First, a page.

Every now and then a song comes along that savages the sterility and banality of modernity and its cookie cutter institutions.
Malvina Reynolds' classic “Little Boxes” did it in 1962, with its allusions to the “ticky tacky” conformity of residential tract housing and the sanitized roles that our social order tries to stuff us into. A half-century later the tune holds up all too well, as Walk Off The Earth brilliantly demonstrates.
This song identifies SO many easy targets: our barren, highway-glutted, carbon-wasting, soul-choking suburban sprawl (which is arguably the biggest contributor to climate destabilization); our assembly-line industrial-era educational factories that produce obedient citizen-workers who (too often) “come out all the same”; and our personality-crushing, spontaneity-killing, Dilbert-imitating corporations that strangle the creativity out of its boxed-in cubicle captives.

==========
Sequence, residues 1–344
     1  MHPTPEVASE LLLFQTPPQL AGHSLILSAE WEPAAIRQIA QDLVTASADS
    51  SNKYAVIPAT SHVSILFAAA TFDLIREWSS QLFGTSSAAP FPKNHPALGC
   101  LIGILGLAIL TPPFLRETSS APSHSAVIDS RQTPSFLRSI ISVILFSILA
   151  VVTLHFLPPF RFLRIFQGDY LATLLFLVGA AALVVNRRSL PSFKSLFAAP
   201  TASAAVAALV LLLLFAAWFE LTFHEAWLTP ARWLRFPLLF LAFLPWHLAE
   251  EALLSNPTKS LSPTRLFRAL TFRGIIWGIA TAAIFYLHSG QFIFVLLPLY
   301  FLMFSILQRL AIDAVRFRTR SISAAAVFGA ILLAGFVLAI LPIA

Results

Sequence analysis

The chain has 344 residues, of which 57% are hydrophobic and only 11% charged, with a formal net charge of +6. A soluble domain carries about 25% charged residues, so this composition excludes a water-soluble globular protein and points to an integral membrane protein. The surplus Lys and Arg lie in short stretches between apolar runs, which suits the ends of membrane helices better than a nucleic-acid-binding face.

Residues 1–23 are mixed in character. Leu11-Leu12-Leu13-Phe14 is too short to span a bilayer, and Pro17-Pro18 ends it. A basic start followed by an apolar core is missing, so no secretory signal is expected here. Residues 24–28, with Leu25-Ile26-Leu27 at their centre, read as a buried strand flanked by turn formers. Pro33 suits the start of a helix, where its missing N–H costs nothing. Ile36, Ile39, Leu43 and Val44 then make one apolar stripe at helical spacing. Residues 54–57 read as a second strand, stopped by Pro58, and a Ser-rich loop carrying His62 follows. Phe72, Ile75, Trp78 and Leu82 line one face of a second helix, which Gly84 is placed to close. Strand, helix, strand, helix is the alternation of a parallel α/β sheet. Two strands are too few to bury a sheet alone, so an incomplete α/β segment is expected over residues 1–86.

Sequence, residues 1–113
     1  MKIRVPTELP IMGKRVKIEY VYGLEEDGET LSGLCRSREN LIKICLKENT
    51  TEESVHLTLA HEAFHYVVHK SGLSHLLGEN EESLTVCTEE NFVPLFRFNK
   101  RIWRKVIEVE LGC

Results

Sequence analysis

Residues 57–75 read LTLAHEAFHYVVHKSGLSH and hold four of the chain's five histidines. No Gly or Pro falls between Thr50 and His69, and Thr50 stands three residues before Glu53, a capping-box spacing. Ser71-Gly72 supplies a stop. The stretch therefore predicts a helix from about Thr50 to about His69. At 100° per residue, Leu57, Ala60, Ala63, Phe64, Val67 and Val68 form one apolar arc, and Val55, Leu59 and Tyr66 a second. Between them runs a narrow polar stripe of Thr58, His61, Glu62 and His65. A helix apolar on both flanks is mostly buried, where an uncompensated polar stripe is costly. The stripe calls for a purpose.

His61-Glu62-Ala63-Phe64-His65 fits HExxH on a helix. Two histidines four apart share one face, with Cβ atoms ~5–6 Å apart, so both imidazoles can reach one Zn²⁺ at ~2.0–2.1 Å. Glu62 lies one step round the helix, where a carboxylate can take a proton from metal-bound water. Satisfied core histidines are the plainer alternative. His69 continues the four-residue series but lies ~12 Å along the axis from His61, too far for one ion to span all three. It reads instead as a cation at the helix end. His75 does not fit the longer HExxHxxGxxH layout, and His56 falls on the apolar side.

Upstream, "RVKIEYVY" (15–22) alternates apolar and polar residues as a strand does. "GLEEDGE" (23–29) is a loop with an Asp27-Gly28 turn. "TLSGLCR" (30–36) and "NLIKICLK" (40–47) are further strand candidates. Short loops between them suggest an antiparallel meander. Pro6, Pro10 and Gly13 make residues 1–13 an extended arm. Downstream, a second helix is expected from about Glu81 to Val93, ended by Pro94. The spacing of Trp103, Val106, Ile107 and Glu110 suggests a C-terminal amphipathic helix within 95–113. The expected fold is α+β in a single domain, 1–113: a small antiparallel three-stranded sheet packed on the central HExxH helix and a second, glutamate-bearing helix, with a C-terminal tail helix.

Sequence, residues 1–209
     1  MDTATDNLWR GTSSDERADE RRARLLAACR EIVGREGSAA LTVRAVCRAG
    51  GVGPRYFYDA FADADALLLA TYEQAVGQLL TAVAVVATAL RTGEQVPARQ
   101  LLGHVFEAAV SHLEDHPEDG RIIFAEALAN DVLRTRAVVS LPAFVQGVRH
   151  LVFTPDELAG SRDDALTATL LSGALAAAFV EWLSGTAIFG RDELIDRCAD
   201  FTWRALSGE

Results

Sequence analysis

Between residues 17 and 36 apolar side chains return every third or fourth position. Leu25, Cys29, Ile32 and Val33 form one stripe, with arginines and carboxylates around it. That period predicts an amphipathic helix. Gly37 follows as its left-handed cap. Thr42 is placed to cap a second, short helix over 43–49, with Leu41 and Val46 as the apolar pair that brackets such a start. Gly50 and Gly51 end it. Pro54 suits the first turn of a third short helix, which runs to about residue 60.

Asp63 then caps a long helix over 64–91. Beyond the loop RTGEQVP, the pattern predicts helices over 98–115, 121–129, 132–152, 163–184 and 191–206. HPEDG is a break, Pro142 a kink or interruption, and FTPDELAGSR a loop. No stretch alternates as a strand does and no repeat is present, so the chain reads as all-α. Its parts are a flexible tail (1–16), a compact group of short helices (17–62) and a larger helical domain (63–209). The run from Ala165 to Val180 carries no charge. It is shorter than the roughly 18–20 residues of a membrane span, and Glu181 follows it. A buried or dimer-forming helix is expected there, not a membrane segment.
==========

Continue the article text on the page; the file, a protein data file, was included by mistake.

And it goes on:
As former Hallmark employee Gordon MacKenzie wrote in his wonderful book, Orbiting the Giant Hairball: A Corporate Fool's Guide to Surviving With Grace...
Society appoints its clandestine cartel to put a cap on imaginative brilliance…an originality-suppression agency that permeates our lives. It tyrannized Galileo into recanting the fruits of his own scientific genius. It handed Socrates a cup of hemlock, put a match to Joan of Arc, and fomented the crucifixion of Christ…From cradle to grave, the pressure is on: BE NORMAL.
Maybe "thinking outside the box" isn't such a dumb metaphor after all.
For my interview with WOTE's irrepressible Sarah Blackwood, check here.